KUALA LUMPUR, July 14 — The lack of coordination between enforcement departments and agencies, in terms of sharing of information, and insufficient assets are among the reasons why enforcement operations in the Malaysian Maritime Zone (ZMM) have not reached optimum efficiency.

The Auditor-General’s Report 2018 Series 3 stated that apart from damaged assets, the vast ZMM area also made it difficult for security and enforcement activities to be carried out.

“This is why activities like the smuggling of goods, encroachment and smuggling of illegal immigrants and incursions by fishermen are still happening in the ZMM,” said the report.

It added that damage to 34.6 per cent of the ships and boats also affected the efficiency and effectiveness of operations in ZMM, while 11.7 per cent of vessels or boats owned by the Malaysian Maritime Enforcement Agency (MMEA), Royal Malaysia Police Marine Team and Department of Fisheries (DOF) were also damaged and have not undergone maintenance due to insufficient allocation.


The report further stated that there was no Malaysian Maritime Sea Surveillance System (SWASLA) in the waters off the east coast of Peninsular Malaysia, Sarawak and east coast of Sabah to monitor any encroachment and smuggling activities in the zone.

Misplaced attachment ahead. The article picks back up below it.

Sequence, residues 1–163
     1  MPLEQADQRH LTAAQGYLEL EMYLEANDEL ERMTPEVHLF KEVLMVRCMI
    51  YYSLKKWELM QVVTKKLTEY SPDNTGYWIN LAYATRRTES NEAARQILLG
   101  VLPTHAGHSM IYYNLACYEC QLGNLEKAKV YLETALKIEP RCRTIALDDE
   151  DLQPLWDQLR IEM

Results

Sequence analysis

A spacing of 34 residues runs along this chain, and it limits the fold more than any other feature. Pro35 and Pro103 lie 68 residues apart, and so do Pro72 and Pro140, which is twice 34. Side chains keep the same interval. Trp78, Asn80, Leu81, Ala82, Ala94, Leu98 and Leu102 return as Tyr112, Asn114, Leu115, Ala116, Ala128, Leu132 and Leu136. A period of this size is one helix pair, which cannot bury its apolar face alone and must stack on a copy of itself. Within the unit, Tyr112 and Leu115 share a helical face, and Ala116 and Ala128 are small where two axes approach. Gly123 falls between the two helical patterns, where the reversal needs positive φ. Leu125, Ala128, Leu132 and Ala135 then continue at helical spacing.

It also said that there was no centralised collection and coordination of information among all the departments and agencies for enforcement purposes.

The report also revealed that Chinese Coast Guard vessels were detected to have encroached into the country’s waters 89 times from 2016 to 2019 and their presence had been identified to be related to claims over the South China Sea, especially the Beting Patinggi Ali area (BPA).


“Five diplomatic protest notes have been issued to China for trespassing into Malaysian waters following 29 reports lodged by the Royal Malaysian Navy (RMN) from 2018 to 2019,” the report added.

Thus, the report stated that the intrusion by China, especially in the BPA, was a serious threat to the sovereignty and security of ZMM.

“Although the RMN has shown, through its presence in the area, that it will protect the sovereignty of the waters off BPA, it is not an enforcement agency.

“Accordingly, the MMEA should be at the BPA area at all times to carry out enforcement and give the Malaysian government an advantage should there be any claims by China at the international level,” the report suggested. — Bernama